Hunger Makes me a Modern Girl by Carrie Brownstein
Before Portlandia, before we began putting a bird on it, even before the city became a hipster hub for up-and-coming art, there was Sleater-Kinney. Born in the Riot Grrrl era but of slightly different DNA, Sleater-Kinney was a band at the forefront of redefining the notion of gender in punk rock. Few reign power and femininity like Brownstein whose haunting vocals and soul punching lyrics leave listeners rattled, in a good way, the way only truly great music can — something Hunger Makes Me a Modern Girl is bound to do as well.
Reckless by Chrissie Hynde
I remember the first time I heard “rock survivor”: a term for the generation of rock ‘n' roll disrupters who watched the tearing asunder of New York and London during the 1970s and raised hell during the 1980s. To be sure, you can count Chrissie Hynde amongst them. Dripping with swagger and armed with words that cut like a knife, Hynde brings a gripping, honest portrayal to the ups and down of her life, from skyrocketing stardom to utter heartbreak. With no stone left unturned in Hynde’s life, the intimateness of Reckless will leave you mesmerized; it’s no wonder this book is the “Talk of the Town.”
Out of the Vinyl Deeps by Ellen Willis
Music criticism changed when the New Yorker hired Ellen Willis as its first popular music critic in 1968. The depths of her music fandom also meant that she gave the musicians she was following little room for error; she expected them to live up to their fans expectations and vociferously criticized everything from sophomoric albums to ticket prices for lackluster shows. Out of the Vinyl Deeps is more than just a requiem to the great work Willis did for the genre, but a fresh perspective on a rare breed of writing – in depth analysis of the pop-culture in the late '60s to mid-'70s by a woman. Any reader who fancies herself a lover of the Age of Aquarius is sure to appreciate the nostalgia of this book.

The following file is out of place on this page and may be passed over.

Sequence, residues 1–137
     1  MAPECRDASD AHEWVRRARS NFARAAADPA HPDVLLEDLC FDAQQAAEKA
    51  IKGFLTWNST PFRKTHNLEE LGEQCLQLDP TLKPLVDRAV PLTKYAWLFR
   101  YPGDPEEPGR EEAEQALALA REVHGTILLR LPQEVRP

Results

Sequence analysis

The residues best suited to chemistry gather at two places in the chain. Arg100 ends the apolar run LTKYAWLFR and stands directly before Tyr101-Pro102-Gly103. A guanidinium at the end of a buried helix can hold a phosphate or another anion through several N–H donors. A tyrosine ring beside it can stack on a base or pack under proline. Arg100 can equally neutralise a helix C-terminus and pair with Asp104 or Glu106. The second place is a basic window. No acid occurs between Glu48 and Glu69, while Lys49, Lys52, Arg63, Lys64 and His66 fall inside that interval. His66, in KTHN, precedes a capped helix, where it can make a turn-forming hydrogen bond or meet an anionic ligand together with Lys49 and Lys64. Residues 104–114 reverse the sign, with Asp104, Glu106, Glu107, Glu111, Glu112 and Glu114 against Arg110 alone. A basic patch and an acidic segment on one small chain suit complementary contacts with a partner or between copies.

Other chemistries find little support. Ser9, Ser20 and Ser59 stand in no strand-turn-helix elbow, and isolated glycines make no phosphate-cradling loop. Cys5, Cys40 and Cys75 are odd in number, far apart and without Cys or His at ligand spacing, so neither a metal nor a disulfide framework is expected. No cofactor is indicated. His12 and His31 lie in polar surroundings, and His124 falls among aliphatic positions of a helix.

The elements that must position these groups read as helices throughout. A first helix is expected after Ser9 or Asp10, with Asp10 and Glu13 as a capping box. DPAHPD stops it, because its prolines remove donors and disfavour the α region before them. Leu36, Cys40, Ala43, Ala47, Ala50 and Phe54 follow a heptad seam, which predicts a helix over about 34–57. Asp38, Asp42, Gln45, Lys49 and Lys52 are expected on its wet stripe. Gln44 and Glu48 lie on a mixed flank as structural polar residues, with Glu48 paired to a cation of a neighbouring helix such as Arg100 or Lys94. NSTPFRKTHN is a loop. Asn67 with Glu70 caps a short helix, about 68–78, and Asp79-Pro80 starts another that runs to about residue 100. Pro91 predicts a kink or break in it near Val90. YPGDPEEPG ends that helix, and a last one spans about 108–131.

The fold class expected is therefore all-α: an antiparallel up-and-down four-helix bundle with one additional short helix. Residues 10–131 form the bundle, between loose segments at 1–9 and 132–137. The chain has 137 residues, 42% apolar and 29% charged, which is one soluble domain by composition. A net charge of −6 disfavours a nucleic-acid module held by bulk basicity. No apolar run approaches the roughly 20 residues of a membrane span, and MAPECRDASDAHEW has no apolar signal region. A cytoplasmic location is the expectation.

Clothes, Clothes, Clothes. Music, Music, Music. Boys, Boys, Boys. by Viv Albertine
Not many women can claim to have toured with the Clash, dated Mick Jones, played with Sid Vicious or inspired the classic punk song, “Train in Vain.” Even less woman (OK, maybe just this one) can not only claim all of that but also wildly successful punk career in her own right. That woman is Viv Albertine. Albertine’s frank discussion of the sex (including blunt discussion of an abortion she had), drugs, the tour scene, music creation and fashion during the most in-your-face days of the punk movement run parallel to her recounting of the post-punk movement, her battle with cancer and what it’s like to make music again 25 years later.
In one fell swoop on February 21, 2012, Maria Alyokhina, Nadezhda Tolokonnikova, and Yekaterina Samutsevitch made sure the world knew their name and their cause. After a 45-second performance at the Cathedral of Christ the Savior in Moscow, their “Punk Prayer” was heard around the world. They were soon arrested for hooliganism and faced a sentence of up to 7 years. What unfolded next was political and celebrity support from the likes of Yoko Ono, Paul McCartney and Madonna, petitions that circulated worldwide and calls to action to support the three young activists. Pussy Riot responded to the trial with composure and articulation and their respond served to stoke the fires that blazed in the hearts of their supporters. This call for freedom of expression, the end of economic and gender oppression and separation of church and state continues to be the rally cry for the movement and the center of this pulse raising book.